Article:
I’ve become quite obsessed with trying recipes for hibiscus tea, hibiscus curd, hibiscus jelly, and many more hibiscus treats since our hibiscus bushes are bursting with calyx (pods). We’ve grown edible hibiscus for several years and I’m truly amazed by the many traditional hibiscus recipes there and by people’s unique twists to those recipes.
Are all hibiscus plants edible?
The short answer is no one has test all the hundreds of hibiscus varieties, so we can’t say positively one way or the other. However, some have been tested or have been traditionally used for centuries and are considered safe for most people.
The three most popular edible hibiscus varieties are Chinese Hibiscus (Hibiscus rosa-sinensis), Cranberry Hibiscus (Hibiscus acetosella), and Hibiscus sabdariffa also known as Roselle, Jamaican Sorrel, and hibiscus flowers.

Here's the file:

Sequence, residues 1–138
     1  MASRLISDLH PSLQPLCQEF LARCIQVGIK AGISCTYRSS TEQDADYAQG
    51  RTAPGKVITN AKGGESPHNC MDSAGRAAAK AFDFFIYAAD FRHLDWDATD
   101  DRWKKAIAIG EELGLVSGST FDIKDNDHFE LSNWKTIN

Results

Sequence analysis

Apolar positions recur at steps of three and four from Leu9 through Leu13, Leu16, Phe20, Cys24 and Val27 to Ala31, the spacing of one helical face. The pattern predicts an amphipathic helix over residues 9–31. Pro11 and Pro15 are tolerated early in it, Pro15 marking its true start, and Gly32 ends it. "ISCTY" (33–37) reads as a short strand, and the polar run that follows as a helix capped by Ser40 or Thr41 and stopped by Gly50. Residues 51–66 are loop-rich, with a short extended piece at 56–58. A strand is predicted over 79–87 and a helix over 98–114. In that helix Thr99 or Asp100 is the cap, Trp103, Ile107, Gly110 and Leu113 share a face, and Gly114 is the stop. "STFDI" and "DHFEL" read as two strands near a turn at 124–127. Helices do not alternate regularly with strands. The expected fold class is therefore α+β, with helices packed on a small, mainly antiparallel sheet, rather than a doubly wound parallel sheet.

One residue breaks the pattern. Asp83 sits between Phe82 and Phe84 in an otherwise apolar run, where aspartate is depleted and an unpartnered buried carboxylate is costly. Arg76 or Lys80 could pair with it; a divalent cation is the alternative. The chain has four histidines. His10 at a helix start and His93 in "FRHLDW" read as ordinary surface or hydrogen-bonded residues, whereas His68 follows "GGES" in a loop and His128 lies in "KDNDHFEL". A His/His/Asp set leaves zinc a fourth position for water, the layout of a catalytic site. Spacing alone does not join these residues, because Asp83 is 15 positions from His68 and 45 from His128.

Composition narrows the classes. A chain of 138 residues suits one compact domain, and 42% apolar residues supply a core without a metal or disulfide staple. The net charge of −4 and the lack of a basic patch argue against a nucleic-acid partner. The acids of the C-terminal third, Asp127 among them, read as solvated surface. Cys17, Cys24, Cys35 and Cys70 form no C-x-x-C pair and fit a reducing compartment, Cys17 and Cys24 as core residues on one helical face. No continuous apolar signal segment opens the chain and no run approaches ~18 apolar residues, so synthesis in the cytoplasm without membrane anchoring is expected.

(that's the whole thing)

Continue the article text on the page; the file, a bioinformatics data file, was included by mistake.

Hibiscus sabdariffa is the most common hibiscus used in recipes for hibiscus tea and is often sold as hibiscus “flowers”. While the flower is edible, it’s technically not the part that is dried and used. The part that is used is the calyx with is the covering of the seed pod which is left after the flower falls off the plant.
All the hibiscus recipes I’m sharing in this post are made with Hibiscus sabdariffa, aka Jamaican sorrel, roselle, and sometimes just identified as hibiscus flowers in the recipe.
Where can you find hibiscus for using in recipes?
I’m going to suggest you try to grow edible hibiscus if your climate allows. It needs warmth and a long growing season and is grown as an annual in most areas. But it’s extremely easy to grow and is beautiful.
If you need to buy hibiscus you will probably be able to find some small packages of dried hibiscus “flowers” in your local grocery store, especially if they have an international section. I’ve recently seen them in our local grocery.
If you you can’t find them locally, you can purchase them online. They might say “hibiscus flowers” or “roselle” on the label. But they should also say Hibiscus sabdariffa.